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History of Bell Founding in Russia, Part 1
June 12, 2015 19:59


Since times immemorial bells and bell ringing have been an integral part of the Christian church service. Bells came to be used in Europe in the late 6th century and in Byzantium in the 9th century. The first annalistic record of bells in Russia dates back to 1066. During the Tatar-Mongolian invasion bell founding could not develop in Russia, and it was probably then when bells of the pre-Mongolian period were lost. Only two Old Russian bells and fragments of 40 more bells of the pre-Mongolian period have come down to us. The lower diameter of these bells varies from 30 to 60 cm. they are made of bronze containing 20 to 24 percent of tin.

Only twenty years after the ruining of Russian lands rare annalistic records of bells were made. One of them goes back to 1259. According to the annalistic text, Prince Daniil Galitsky transported bells and icons from St. Sophia Cathedral in to his ancestral lands of Kholm.

It took some time for bells to become as widespread and valued as traditional Slavic flat bells (aka the Semantron, or “bilo” in Russian). Tulip bells were initially treated as newcomers from the Catholic West and so not widely welcomed. Over time, however, the Semantrons, standing at the roots of the Orthodox bell ringing gave way to bells, and yet were kept up for a long time, especially in monasteries and village churches. Thus, the church property census carried out in the second half of the 17th century (the heyday of bell founding art in Russia) in the Novgorod diocese revealed that flat bells (bilo) were used in an overwhelming number of monasteries and churches in that period. Unfortunately, the traditions of playing the Semantron (bilo) in church service were gradually forgotten and by the 20th century the intricacies of their production and ringing were nearly lost in Russia but for several monasteries and Old Believers’ parishes in Altai, Siberia, Ukraine and other places.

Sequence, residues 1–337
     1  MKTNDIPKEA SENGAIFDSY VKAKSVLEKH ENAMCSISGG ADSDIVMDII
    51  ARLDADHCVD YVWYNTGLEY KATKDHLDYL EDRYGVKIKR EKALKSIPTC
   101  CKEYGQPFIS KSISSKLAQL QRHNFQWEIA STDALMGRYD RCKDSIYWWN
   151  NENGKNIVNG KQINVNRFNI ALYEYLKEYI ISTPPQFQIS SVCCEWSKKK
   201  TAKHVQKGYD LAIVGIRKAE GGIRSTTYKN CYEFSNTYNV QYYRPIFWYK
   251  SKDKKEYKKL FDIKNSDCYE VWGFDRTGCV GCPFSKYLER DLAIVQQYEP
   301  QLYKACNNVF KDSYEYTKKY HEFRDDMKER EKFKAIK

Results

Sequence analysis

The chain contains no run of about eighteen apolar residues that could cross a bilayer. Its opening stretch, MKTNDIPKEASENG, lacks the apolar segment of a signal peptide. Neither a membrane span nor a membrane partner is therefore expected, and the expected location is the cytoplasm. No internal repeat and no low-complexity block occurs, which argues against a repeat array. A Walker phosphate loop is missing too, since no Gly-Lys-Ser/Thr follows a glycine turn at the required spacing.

Bell founding in Russia went through the same stages as in the West. Initially bells were made by monks, but later handicraftsmen took up bell founding. Among the founders working in Russia there were lots of masters brought by Russian princes from Europe. However, starting from the 15th century outstanding Russian bell founders came up. It should be noted that the profession of bell founders (often combined with cannon founding) was highly appreciated and hereditary.

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The early 15th century saw the opportunity to cast quite many bells of large size. The earliest of the remained bells of that period is a bell of 1420. It is located in the belltower of the Trinity Lavra of St. Sergius. It is called Nikon’s or Wonder-worker’s Bell. Having quite an unusual shape, it nevertheless still participates in bell ringing.

Along with the inflow of bell founding masters from the Western Europe, Russia developed its own centers of bell founding. Pskov was the most popular town for that. Private bell foundries came to appear in Moscow from the period of Boris Godunov's reign.

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Author: Vera Ivanova

Tags: Bells Bell Ringing Semantron Russian Church Russian Music Instruments 

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